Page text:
I recently stumbled upon this guy’s works via his “TechGnosis” book and subsequently named blog “TechGnosis”. Fun to caroose, definitely not a snooze. That’s the last time I’ll try to be Dr. Suess.
Other sources that I believe possess a useful accumen on the ponderings of what “Gnosis” truly means are Truthscrambler(Upon the Face of the Waters” & Jason Bickfords’ “Valentinian Christianity” YouTube channel which used to be named “Polarization Nation Media”. I totally agree with Bickfords assessment on Gnostic Teachings and how they’ve been perverted to make them look like the evil Satanic teachings that at no point they ever actually resembled. Only when Jesuit asswipes get their hands on a narrative does it get skewed and defiled into a blob of bullshit that we are supposed to lend credibility to in perpetuity just because that’s the narrative they’ve put their time and effort into. Hence why Bickford had titled his channel “Gnostic Reclamation” at one point. To try to reclaim a more accurate insight into what “Gnosis” i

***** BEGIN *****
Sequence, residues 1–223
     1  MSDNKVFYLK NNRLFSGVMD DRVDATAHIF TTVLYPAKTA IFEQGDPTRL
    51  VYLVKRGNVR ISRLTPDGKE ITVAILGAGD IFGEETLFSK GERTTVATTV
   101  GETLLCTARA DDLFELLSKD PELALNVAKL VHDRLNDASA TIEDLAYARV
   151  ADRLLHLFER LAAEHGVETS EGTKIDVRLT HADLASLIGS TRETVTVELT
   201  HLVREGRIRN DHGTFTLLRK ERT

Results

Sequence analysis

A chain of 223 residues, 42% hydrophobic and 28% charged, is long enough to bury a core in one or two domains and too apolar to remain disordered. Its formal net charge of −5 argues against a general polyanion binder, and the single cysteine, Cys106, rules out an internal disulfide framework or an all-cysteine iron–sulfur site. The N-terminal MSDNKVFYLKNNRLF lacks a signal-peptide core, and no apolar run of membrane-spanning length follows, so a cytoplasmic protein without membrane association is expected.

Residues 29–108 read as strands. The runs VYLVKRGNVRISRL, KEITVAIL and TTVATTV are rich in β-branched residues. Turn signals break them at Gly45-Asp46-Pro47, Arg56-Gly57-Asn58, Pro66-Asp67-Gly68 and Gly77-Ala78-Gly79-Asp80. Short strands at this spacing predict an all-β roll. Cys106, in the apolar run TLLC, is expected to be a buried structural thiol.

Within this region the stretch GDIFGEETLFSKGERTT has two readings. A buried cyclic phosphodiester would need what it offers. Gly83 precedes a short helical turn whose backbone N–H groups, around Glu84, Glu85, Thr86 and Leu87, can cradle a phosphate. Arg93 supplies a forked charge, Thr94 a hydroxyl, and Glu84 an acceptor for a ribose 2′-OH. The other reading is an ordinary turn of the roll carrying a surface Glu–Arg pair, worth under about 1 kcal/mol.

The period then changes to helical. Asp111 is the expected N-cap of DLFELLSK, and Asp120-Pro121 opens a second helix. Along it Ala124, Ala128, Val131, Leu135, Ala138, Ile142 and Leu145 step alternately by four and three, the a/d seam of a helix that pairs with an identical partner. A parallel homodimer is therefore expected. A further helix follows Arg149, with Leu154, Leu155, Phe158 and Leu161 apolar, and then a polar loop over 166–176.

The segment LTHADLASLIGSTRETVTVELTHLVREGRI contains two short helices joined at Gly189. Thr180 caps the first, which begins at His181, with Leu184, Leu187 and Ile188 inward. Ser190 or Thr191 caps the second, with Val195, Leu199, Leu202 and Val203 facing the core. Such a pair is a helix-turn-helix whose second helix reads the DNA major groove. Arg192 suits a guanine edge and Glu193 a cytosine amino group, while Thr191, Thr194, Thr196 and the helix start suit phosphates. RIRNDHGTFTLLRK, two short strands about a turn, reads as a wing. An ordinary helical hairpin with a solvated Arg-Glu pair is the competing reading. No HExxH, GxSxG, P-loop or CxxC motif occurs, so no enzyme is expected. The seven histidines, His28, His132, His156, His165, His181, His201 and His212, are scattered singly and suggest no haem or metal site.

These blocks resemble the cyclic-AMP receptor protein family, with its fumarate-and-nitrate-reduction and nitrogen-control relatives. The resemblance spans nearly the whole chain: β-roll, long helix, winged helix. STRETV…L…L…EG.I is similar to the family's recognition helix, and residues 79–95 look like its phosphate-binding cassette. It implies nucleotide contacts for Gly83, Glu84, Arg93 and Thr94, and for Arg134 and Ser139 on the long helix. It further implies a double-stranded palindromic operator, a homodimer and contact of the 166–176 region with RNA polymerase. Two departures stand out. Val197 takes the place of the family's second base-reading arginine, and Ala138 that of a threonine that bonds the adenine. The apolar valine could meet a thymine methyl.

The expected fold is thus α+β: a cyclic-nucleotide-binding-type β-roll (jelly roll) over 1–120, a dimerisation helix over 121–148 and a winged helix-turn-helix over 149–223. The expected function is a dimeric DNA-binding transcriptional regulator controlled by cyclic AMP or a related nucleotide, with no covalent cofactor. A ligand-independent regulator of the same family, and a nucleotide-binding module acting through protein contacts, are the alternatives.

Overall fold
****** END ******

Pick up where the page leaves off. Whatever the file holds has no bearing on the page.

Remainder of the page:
Myth, Magic, and Mysticism in the Age of Information
How does our fascination with technology intersect with the religious imagination? In TechGnosis—a cult classic now updated and reissued with a new afterword and a foreword by Eugene Thacker—Erik Davis argues that while the realms of the digital and the spiritual may seem worlds apart, esoteric and religious impulses have in fact always permeated (and sometimes inspired) technological communication. Davis uncovers startling connections between such seemingly disparate topics as electricity and alchemy; online roleplaying games and religious and occult practices; virtual reality and gnostic mythology; programming languages and Kabbalah.
The final chapters address the apocalyptic dreams that haunt technology, providing vital historical context as well as new ways to think about a future defined by the mutant intermingling of mind and machine, nightmare and fantasy.